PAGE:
Longannet: Vince Cable says possible closure 'no threat to energy supply'

Longannet Power Station

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The UK government's Business Secretary Vince Cable has said there is no threat to the security of Scotland's electricity supply.

His comments came after BBC Scotland's disclosure that the huge coal-fired power station at Longannet in Fife was facing a renewed threat to its future.

Mr Cable said energy could be imported from England.

Scotland's Energy Minister Fergus Ewing told BBC Radio Scotland that Longannet was necessary to "meet demand".

Scottish Power, which operates the plant, warned last year that the cost of connecting to the grid meant the power station may close earlier than planned.

It is understood talks between Scottish Power and National Grid have stalled.

'Robust manner'

Following a meeting of the Scottish Energy Advisory Board, Scotland's First Minister Ms Sturgeon wrote to Prime Minister David Cameron to call for an analysis of electricity capacity margins in Scotland.

Longannet's location puts it at a disadvantage when competing against English power stations.

Start Quote

For many years Scotland has exported energy to England on the national grid and that was a perfectly sensible arrangement”

End Quote Vince Cable UK Business Secretary

Scottish generators, including Longannet, account for about 12% of the capacity connected to Britain's high-voltage electricity network.

But, according to the Scottish government, they pay about 35% of the charges for connection to the national grid.

Ms Sturgeon said: "The Scottish government cannot accept a situation where levels of energy security in Scotland are compromised by energy policy and network operation decisions taken outside Scotland."

Speaking on BBC Radio's Good Morning Scotland programme, Mr Cable said: "This isn't an England versus Scotland issue."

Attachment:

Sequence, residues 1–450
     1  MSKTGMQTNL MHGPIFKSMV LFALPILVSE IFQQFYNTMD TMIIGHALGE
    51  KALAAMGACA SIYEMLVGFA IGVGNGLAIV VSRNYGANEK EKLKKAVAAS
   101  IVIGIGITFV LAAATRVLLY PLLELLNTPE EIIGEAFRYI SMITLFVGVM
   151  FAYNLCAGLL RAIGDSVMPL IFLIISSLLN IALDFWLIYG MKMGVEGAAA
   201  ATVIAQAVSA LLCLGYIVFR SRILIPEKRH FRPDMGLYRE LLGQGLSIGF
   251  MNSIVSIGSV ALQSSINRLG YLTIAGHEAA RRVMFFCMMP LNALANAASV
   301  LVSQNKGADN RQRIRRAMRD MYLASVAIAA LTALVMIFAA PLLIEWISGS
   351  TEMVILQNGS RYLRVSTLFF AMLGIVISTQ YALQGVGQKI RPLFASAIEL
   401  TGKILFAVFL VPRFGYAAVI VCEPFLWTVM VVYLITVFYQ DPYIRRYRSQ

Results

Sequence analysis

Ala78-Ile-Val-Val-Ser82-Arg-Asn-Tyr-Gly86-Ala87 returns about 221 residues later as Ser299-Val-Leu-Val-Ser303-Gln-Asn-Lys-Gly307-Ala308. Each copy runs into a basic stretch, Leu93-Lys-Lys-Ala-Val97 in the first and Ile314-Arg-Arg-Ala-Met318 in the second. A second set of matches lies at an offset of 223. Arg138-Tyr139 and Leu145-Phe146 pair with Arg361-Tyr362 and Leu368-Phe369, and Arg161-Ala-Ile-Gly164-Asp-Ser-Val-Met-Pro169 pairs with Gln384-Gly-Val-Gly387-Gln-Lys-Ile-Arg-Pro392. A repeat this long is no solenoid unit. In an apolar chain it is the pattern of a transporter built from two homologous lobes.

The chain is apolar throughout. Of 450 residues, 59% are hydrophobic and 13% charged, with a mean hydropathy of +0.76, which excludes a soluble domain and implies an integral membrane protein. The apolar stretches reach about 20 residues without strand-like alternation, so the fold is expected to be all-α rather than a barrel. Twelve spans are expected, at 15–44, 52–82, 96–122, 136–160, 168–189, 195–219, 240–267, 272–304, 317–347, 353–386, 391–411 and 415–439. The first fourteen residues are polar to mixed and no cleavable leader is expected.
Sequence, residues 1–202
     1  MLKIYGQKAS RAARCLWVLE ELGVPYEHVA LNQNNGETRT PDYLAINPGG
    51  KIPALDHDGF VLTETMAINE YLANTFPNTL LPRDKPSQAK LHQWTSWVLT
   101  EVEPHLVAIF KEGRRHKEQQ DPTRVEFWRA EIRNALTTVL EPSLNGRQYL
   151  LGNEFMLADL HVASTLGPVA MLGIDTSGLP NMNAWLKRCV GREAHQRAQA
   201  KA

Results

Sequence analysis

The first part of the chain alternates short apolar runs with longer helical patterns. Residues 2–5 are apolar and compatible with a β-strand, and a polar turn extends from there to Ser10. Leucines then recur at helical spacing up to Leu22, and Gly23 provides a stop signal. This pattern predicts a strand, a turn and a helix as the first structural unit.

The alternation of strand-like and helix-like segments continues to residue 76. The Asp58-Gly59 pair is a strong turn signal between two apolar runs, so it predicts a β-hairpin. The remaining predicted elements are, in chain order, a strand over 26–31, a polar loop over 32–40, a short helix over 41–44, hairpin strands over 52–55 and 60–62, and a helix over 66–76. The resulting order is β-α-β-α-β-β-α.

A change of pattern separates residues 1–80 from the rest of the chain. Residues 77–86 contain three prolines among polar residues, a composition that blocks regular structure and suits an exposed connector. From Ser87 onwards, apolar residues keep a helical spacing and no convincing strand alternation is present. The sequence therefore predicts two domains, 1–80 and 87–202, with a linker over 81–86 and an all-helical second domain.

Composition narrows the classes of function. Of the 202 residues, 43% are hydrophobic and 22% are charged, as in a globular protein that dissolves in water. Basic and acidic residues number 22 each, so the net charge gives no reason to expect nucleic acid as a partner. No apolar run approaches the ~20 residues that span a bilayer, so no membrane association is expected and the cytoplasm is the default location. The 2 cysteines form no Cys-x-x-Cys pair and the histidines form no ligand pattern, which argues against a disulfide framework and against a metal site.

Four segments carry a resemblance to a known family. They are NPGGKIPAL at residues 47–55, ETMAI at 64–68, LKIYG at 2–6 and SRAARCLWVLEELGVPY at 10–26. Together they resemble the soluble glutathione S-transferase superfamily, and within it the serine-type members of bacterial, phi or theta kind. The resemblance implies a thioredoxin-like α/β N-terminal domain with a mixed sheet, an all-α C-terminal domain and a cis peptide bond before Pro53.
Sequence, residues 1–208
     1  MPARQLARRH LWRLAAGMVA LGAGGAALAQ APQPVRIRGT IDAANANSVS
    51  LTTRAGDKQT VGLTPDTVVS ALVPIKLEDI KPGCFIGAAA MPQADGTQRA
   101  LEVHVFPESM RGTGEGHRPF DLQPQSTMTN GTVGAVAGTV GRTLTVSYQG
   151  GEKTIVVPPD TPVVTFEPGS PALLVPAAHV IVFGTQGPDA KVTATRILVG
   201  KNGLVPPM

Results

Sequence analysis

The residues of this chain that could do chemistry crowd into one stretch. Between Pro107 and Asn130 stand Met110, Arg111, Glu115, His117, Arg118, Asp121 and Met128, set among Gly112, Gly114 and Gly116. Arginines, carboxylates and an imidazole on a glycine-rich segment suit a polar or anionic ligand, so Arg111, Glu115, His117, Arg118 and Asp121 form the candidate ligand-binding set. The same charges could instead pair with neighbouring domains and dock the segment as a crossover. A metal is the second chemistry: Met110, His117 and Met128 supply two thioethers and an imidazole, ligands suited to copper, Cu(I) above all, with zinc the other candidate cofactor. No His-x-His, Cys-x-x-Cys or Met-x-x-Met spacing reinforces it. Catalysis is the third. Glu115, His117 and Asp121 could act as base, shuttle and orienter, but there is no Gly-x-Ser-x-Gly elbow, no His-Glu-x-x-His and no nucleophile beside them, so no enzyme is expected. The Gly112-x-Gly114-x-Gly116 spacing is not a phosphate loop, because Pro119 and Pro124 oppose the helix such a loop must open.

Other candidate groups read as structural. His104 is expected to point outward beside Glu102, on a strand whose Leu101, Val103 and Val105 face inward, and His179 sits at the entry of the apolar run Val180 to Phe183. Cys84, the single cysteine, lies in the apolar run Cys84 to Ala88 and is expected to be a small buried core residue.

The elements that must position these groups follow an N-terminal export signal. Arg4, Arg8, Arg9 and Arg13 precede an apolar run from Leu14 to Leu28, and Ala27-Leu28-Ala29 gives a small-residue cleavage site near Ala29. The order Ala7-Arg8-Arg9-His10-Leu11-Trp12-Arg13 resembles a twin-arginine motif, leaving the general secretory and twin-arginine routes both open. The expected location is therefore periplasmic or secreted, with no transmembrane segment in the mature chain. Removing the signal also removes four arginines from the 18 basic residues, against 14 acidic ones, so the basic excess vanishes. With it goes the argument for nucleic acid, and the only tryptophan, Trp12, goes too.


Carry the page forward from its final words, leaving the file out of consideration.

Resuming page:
He added: "Clearly there is an issue about the pricing and the connection into the grid, but that is determined by the regulator Ofgem, it is not determined politically.

"There is no issue about security of supply. I don't quite understand why this issue has flared up.

"For many years Scotland has exported energy to England on the national grid and that was a perfectly sensible arrangement.

Start Quote

I think it is a bit rich of the UK government to say it has nothing to do with them”

End Quote Fergus Ewing Scotland's Energy Minister

"There is now the possibility that there will be a reverse flow for some years until the big renewable sources in Scotland come into play.

"That is not a problem. It is a secure national grid - there isn't a threat to security of supply."

On the closure of Longannet, he said: "We are talking here about the future of 2,000 people in the immediate area, these closures have got to be very carefully managed and in a sensitive way."

Scotland's energy minister told the programme that the national grid's "assumptions about security of supply seem to be extremely optimistic".

Mr Ewing said: "I think there are two issues here - security of supply in Scotland and the UK, and the immediate threat to Longannet and to the jobs there," he said.

"I think it is a bit rich of the UK government to say it has nothing to do with them, because surely as the government they have ultimate responsibility for delivering security of supply.

"I think it is essential that we consider the very real issues involved here, which many experts in the power generation side of the industry believe mean that security of supply in the UK is far from guaranteed."

Scottish Conservative energy spokesman Murdo Fraser said there was no long-term future for Longannet but the Scottish government had done "absolutely nothing" about finding a replacement.

"All we see are SNP ministers obsessed with building more wind farms," he said.

"These might help their green credentials, but do nothing to provide power when the wind isn't blowing."

Mr Fraser said the SNP had "blocked new nuclear, slammed the door shut on shale gas, and has no plans for what happens when Torness, Hunterston and Longannet all close in the next decade".

He said: "What an irony it will be when energy-rich Scotland has to rely on energy imported from England to keep the lights on."

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